Samantha has strange ways about her. For starters, she smears what appears to be a mixture of the slimy weeds and fish eggs across her eye, lips, and nails each day. She also dangles various things from the sides of her head. I think that perhaps her kind is like the angler scaly? Perhaps all of these bright, dangly things are meant to attract the opposite sex? Or dinner? It's difficult to tell. She is not alone in these strange ways, though. Honestly, these ways seem rather normal for her species. Over time, I have learned many things about them, although there are still things that confuse me.

I think the biggest thing I don't understand is why it is they never seem to walk. They have the power to choose where they go, and yet so often they sit. Or allow large metal beasts to move them around. She does not seem to walk nearly as much as she did in her early days. My type is always relying on destiny to move us from place to place, and so it seems as though it would be so nice to be able to say, "Hey, the sand's dry over here. Why don't we walk to that nice moist part?" But no. She sits.

The other thing I don't understand is why they never watch, especially considering how often they sit. My neighbors and I used to love to watch the scaly breeds. We would also watch the two-legged, those who fly, and of course, the ocean. You can find out so much from simply watching, but these two-legged, they never do that. They communicate at each other, but then don't understand. And so I shout, "Why don't you just watch him?" but she never seems to hear me.

Overall though, it's been a good life. I've been around her neck for a long time now, and so I've seen a good deal: I was there when she looked more like a stick than a two-legged. That was the same time she dressed the way two legs do when they go to the ocean - except now it was all the time. And her creators (here they're called 'parents') were often unhappy with her because of it. Then there was the time she relocated, and lived with other girls. They were in 'school'. I think it was teaching them to mate, or at least that's what they did more than anything. There was one boy of whom she was quite fond. One day, she forgot me in his home, where I witnessed him attracting another girl, which their species is not known to do. I tried to tell her, but as per usual, she did not hear me. Not too long after that, we walked into his home where Samantha found one of those dangly things. Except, it was not hers.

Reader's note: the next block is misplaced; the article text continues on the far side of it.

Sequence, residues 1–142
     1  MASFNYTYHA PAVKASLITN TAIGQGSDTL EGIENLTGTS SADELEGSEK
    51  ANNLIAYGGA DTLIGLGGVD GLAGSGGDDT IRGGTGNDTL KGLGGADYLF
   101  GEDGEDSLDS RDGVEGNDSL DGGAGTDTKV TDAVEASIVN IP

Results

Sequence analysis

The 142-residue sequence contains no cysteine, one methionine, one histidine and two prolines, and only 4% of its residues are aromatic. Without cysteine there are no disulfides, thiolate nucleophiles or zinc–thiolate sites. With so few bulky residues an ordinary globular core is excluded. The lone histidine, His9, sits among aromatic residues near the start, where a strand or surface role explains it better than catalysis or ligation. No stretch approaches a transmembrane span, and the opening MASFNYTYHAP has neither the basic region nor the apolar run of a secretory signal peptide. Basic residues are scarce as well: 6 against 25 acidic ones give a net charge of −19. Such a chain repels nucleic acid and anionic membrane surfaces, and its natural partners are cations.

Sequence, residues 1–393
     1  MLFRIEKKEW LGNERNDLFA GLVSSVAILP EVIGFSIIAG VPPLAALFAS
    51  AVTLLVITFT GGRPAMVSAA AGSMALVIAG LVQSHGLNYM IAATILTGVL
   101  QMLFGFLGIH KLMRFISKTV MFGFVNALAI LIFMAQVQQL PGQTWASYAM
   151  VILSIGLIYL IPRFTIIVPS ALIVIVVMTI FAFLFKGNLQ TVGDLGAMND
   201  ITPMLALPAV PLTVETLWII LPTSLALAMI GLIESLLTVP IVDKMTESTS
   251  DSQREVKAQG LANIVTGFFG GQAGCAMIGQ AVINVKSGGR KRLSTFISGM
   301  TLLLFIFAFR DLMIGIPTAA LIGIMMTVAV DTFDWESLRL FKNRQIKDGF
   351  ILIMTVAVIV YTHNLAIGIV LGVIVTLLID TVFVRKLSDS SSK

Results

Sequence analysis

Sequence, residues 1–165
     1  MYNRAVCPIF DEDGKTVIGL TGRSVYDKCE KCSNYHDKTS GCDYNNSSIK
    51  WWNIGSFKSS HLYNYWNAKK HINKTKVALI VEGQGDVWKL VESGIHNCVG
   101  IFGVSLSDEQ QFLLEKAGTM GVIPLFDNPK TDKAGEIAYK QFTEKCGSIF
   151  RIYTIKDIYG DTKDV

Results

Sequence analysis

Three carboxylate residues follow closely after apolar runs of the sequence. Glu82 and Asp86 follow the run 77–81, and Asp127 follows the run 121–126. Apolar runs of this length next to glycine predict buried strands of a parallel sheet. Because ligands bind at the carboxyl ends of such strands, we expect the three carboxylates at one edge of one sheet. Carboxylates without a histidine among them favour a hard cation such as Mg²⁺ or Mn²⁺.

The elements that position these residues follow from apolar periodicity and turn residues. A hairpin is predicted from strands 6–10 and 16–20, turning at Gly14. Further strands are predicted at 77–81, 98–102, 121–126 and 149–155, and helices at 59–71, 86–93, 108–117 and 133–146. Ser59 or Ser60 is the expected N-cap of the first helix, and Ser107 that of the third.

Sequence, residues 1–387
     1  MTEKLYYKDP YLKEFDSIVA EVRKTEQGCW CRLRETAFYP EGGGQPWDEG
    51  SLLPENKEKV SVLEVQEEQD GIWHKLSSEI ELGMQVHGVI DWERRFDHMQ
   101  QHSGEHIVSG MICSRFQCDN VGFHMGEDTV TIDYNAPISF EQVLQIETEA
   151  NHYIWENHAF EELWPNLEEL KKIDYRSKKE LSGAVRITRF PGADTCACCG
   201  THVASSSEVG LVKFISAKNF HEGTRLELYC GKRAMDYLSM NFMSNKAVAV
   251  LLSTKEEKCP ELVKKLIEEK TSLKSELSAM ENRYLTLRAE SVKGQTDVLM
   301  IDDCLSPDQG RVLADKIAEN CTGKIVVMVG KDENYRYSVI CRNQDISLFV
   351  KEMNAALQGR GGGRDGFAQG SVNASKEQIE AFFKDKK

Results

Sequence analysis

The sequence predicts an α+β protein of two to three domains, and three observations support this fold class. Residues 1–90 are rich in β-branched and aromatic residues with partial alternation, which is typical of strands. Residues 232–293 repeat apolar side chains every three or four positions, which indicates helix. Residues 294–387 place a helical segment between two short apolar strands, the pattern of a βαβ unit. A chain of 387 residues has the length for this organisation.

After that, she held me to her ear a lot. Actually, any time something bad happened she would hold me to her ear. I would often say things like, "It's okay, he was chipped anyways", or "It's okay, at least you can relocate yourself," or even things like, "It's okay - you're not even eroding!" Most of the time she wouldn't respond, but she would calm down. Occasionally, she would say that damn saying about hearing the ocean again. What can I say? She is after all, a two-legged.

Many times two-legs would comment on me: How pretty I was, how nice my colors were, whether or not I was fake. That sort of stuff. She always answered with a smile, and often touched me while she did. She would even tell them I was her favorite. Why? "...I found it during the best summer I ever had as a child." Oddly, I never minded her holding me, or talking about me. It was even nice sometimes. My type often lives best in the shadows of others, but sometimes it's nice to be in the limelight.